Monday, October 25, 2010

Skepticlawyer and the humanities

There has been an interesting discussion over on Skepticslawyer triggered by a post of SL's, First cut is the deepest.

I have read your post several times, SL. I find that I feel that I disagree with you most profoundly. My problem is that I am not absolutely sure why! I find that I agree with many of your individual points; it is the combination that seems to put me off.

Let me start discussion by asking a basic question. What, to your mind, is the role of a university?

I put the question this way because it seemed to me that SL had a particular view of the role of the university, that her suggestions linked to but were in some ways independent of that view, that there might be a degree of underlying confusion. This is not a criticism, but a personal reaction conditioned by my own thoughts and experiences.

I am not quite sure how many posts I have written linked in some way to higher education or to universities, many hundreds perhaps. The number of posts is indicative of my interest in the area, the tone of those posts indicative of my concerns about what I see as a decline in the Australian university as an institution. Clearly, if I perceive there to be a decline, then I must have a defined starting point. Like SL, I must have my own view on the role of a university, one that I have in fact tried to articulate in some of my posts.

Our society is unique among Australian universities in the residential system, and only though your full participation in college, social, club and other activities will you realise completely your part in it.

By all means work - you have enrolled principally for academic reasons, but a university is not merely a degree factory - academic success is not synonymous with education in the fullest sense of the word. We hope you will keep this in mind and join wholeheartedly in extracurricular as well as in academic aspects of university life. Student view, Orientation Week Handbook, University of New England, 1963.

Your primary purpose, of course, is to study for a degree, otherwise you will waste a great valuable time, your own and your lecturers, much public money, and in these days of restricted entry deprive some other student of a coveted place. University study does not consist in the passive absorption of information but in the dynamic pursuit of knowledge which arises from the clash of informed minds and the unrelenting refusal to accept first appearances as final truths.. You are entering a community of scholars where your own contributions will be accepted. It is surprising how often your teachers can be stimulated by a brilliant idea or an illuminating phrase from a first year student. Ean M Fraser, official view, Orientation Week Handbook, University of New England, 1963.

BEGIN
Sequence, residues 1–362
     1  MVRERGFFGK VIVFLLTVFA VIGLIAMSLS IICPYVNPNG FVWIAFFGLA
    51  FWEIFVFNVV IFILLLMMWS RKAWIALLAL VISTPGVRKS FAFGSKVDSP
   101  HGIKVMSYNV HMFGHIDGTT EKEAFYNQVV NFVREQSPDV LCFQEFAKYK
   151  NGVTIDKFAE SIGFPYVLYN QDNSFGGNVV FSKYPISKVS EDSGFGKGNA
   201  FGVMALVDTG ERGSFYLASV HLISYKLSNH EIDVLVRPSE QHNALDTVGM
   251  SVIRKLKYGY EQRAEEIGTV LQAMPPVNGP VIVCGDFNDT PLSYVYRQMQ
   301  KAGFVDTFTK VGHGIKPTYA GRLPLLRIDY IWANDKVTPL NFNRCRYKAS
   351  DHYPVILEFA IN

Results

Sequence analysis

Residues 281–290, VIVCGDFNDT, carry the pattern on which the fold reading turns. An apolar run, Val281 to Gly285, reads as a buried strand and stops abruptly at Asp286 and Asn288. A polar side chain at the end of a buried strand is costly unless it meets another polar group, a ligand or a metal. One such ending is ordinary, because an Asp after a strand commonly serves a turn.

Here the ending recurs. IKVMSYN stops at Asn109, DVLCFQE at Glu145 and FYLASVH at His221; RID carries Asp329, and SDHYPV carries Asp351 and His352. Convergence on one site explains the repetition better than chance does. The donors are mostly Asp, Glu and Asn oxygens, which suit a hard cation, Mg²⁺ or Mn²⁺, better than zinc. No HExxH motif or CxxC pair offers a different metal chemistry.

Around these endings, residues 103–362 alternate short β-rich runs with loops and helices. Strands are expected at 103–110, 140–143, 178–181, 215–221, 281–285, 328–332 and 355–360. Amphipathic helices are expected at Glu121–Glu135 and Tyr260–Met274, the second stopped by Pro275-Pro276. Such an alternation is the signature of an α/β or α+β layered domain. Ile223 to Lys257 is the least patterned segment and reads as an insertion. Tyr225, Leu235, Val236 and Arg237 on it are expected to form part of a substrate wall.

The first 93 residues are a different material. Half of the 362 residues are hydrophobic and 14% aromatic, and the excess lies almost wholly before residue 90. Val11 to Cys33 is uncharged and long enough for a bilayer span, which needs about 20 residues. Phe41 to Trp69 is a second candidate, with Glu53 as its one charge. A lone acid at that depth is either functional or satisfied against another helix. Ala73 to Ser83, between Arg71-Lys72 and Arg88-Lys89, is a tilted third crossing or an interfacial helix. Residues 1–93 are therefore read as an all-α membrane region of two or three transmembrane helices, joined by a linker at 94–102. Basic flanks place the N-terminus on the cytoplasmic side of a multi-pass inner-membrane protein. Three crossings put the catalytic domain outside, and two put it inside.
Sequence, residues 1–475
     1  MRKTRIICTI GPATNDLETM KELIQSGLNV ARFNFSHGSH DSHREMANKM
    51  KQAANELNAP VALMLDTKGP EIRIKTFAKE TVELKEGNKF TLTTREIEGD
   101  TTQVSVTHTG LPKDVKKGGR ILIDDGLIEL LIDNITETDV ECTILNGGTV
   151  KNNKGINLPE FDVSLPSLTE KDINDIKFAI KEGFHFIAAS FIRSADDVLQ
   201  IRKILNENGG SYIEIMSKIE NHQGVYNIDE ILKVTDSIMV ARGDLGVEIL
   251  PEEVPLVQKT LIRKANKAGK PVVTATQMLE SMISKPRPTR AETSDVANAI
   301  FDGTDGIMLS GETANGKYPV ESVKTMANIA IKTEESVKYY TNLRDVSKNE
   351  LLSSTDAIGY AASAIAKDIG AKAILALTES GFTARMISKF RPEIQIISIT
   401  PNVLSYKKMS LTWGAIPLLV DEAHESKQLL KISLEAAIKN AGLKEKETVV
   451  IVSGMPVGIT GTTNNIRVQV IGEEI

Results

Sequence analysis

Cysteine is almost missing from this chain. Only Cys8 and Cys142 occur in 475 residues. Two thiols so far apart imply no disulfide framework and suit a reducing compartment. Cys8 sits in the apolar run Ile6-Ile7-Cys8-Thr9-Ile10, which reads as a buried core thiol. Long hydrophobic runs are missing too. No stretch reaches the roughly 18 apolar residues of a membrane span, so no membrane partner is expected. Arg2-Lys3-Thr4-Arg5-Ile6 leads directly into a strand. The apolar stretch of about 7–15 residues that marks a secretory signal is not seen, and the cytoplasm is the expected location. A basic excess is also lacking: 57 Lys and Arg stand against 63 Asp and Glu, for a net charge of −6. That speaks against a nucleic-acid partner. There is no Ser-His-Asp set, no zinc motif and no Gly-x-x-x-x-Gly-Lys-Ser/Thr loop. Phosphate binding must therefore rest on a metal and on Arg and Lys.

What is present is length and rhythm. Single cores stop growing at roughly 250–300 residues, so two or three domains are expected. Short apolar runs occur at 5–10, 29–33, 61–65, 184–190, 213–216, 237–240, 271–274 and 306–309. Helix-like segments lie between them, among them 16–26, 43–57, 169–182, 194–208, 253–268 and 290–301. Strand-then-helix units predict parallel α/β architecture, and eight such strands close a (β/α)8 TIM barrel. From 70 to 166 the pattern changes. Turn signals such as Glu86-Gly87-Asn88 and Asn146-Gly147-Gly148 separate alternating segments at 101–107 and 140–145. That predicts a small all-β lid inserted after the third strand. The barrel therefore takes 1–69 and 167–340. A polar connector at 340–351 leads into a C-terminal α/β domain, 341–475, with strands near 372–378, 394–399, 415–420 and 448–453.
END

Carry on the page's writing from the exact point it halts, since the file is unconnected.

I entered university on the cusp of the transformation that, within a decade, was to change Australian universities from institutions providing an education for a small if growing elite to provision of mass education. The above quotes from the 1963 UNE Orientation Week Handbook University accurately capture the ethos of that world - community of scholars, dynamic pursuit of knowledge, education in the fullest sense of the word. While sometimes observed in the breach , the ethos was deeply held. Certainly I held it.

I grew up in a family of academics: my father and his brother were both senior academics, as were two first cousins on Dad's side. Between them, they had some thirteen or so degrees from universities in three countries including London, Manchester and Cambridge in the UK. Between them, they had taught at universities in five countries. All four combined to some degree interests in history, economics and anthropology. All four had worked for international agencies and were interested in the practical application of their knowledge and skills in areas such as economic and community development. 

The academic world was quite small in those days. Growing up in an academic household in a small university city, I either knew, had met, or at least knew of most of the names of those involved in key intellectual debates at the time in Australia and more broadly. In a sense, they were personalised. John Maynard Keynes was not just a well known economist, but also a person Uncle Horace knew when he completed his PhD at Cambridge where Keynes brought him into the vigorous discussions of the Political Economy Club. For his part, my father chose to do his PhD at Manchester rather than Cambridge (he had the choice) simply because Horace had been at Cambridge earlier.